The term "Subtractive synthesis" may appear as a lofty and theoretical notion. Nevertheless, if you've ever dabbled in music production using a synthesizer, odds are that you're already familiar with it.
Subtractive synthesis has long reigned as the prevailing type of synthesis, stemming from the analog synth era but enduring in countless digital hardware synths and synth VSTs. Grasping the concepts of subtractive synthesis may prove daunting, especially when you're just getting your feet wet in the world of synths, but fear not, as it's actually not as intimidating as it might seem.
In this guide, we'll provide a comprehensive breakdown of subtractive synthesis so you can write, play, and produce with synths more confidently.
What is Subtractive Synthesis?
The art of subtractive synthesis entails crafting musical sounds, starting with a harmonically dense waveform and subsequently refining it via filters and other forms of processing.
By "harmonically dense" waveforms, I'm referring to the lush harmonic waveforms generated by elementary shapes like square or saw waves. While electronic oscillators can produce these fundamental waves effortlessly, they fail to captivate listeners on their own.
If you want to create more musical allure, you must manipulate the textures, frequency distribution, and dynamics of these waveforms.
To do so, we use subtractive synthesis .
How is Subtractive Synthesis Unique?
There are many other types of synthesis that exist, from additive synthesis to wavetable synthesis to FM synthesis and beyond. Let's look at a few of the most popular types of synthesis and how they differ from subtractive synthesis.
In recent years, wavetable synthesis has emerged as a crucial tool in the music production world. With the ability to generate unique sounds by morphing oscillator waves sourced from audio samples, this technique is often referred to as sample-based synthesis.
Unlike subtractive synthesis, which relies on a fundamental waveform, wavetable synthesis utilizes a collection of wavetable frames that can be scrolled through, giving you a sense of dynamic motion.
In contrast, another popular type of synthesis, frequency modulation synthesis, also known as FM synthesis, involves the modulation of the frequency of the original waveform to generate a new frequency spectrum.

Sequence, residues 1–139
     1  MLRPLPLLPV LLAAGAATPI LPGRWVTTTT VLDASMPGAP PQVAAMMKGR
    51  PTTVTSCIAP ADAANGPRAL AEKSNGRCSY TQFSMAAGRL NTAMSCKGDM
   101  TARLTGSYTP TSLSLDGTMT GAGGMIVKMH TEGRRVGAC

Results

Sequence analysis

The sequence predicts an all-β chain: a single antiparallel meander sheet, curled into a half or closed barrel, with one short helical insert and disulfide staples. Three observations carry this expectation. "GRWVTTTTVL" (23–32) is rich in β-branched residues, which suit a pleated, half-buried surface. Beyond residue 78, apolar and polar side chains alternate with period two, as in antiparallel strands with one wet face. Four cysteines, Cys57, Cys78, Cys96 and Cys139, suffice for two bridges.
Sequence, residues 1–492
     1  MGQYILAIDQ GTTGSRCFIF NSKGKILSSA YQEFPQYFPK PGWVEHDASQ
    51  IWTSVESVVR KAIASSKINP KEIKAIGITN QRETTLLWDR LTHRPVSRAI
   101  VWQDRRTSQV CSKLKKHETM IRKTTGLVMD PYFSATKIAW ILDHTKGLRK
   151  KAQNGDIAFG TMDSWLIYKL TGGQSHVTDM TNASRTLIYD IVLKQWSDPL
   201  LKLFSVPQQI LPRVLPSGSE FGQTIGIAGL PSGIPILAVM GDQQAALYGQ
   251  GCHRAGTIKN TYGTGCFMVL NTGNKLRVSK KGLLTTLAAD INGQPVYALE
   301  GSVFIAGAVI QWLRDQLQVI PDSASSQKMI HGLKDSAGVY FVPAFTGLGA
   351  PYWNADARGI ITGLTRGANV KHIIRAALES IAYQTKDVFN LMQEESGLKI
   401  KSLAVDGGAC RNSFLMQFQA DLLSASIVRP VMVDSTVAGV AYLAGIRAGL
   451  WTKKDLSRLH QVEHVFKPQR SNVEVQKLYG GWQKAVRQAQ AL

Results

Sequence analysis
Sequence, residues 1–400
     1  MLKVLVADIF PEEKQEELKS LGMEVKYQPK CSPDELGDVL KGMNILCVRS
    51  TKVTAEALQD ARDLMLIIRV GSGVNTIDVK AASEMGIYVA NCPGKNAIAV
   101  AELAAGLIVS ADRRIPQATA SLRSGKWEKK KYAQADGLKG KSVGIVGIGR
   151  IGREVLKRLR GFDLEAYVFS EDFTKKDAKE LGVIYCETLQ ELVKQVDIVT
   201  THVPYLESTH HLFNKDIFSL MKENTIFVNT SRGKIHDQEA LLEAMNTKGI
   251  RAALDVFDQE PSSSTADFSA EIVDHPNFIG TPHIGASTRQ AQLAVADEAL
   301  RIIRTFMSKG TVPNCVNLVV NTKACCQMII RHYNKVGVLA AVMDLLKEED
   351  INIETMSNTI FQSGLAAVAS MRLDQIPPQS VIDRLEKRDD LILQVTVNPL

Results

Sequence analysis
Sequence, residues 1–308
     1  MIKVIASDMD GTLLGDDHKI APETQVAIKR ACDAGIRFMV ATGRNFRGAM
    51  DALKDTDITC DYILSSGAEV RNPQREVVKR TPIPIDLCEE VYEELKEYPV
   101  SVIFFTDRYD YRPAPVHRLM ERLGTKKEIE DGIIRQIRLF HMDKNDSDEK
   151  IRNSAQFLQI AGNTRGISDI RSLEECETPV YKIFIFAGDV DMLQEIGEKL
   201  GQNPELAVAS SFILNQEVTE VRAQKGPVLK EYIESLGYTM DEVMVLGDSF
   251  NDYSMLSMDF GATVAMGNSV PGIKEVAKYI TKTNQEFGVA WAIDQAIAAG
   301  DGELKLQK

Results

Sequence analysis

FM synthesis is renowned for producing sounds that are characterized as brash and metallic. If you're struggling to conjure an auditory example, consider the growly mid-basses that were prevalent in the bro step genre during the early 2010s.
The Intricacies of Signal Flow in Subtractive Synthesizers
Now before you start tweaking knobs like a mad scientist (which I highly recommend doing anyway), let's get familiar with each component in the signal path and how they contribute to the overall sound.
First things first, you probably know or at least have heard that the oscillator is the brain behind the operation. Without an oscillator, your subtractive synth would have no way of producing a rich waveform to set the foundation of your patch.
Then, you have some of the other parameters that make the oscillated sound more interesting, including the amplifier, the filter, the LFO, and the envelope generator. These modules are the building blocks of a typical subtractive synth, and each one has a unique role to play.
Don't worry, we'll go through each of them in detail. And to make things even more fun, we've put together a small diagram that visually demonstrates how each of these modules work in succession:
Looking at the photo above, the first thing you'll notice is the modulator section. It's important to understand that modulators can either be LFOs or envelope generators, though we'll expand on that a bit later.
What's most important to note is that the majority of subtractive synths follow this layout However, synth history buffs know it wasn't always like this.
Back in the day, the OG synths were made up of patchworks of separate modules, each one connected with cables, which the user had to manually plug in.
That, my friends, is what we refer to as modular synthesis .
This wild and wooly method is still popular today among Eurorack fans.
The great thing about modern modular synths is that they still follow the same subtractive architecture as their predecessors.
Sure, you'll get the most flexibility from patching individual modules, though there were many synth designers who realized that most musicians tend to be creatures of habit, setting their signal flows up in the same way every time.
One of the consequences of this thought process gave birth to one of the industry's first all-in-one synths, the legendary Minimoog. From that point forward, if you were to look at most of today's subtractive synths, you'd find that they pretty much have the same flow.
Of course, this is only the tip of the iceberg! Let's dig a little bit deeper into each element of the signal chain to get a better grasp on what they all do.
The Different Elements in Synthesis
When you're finally ready to dial in some sweet synth sounds, the first thing that you'll start with is the oscillator! As we said before, this is the brain of the operation.
And even though it's just the beginning of the signal flow, the settings you choose for your oscillator will have a significant impact on the way that your final patch sounds.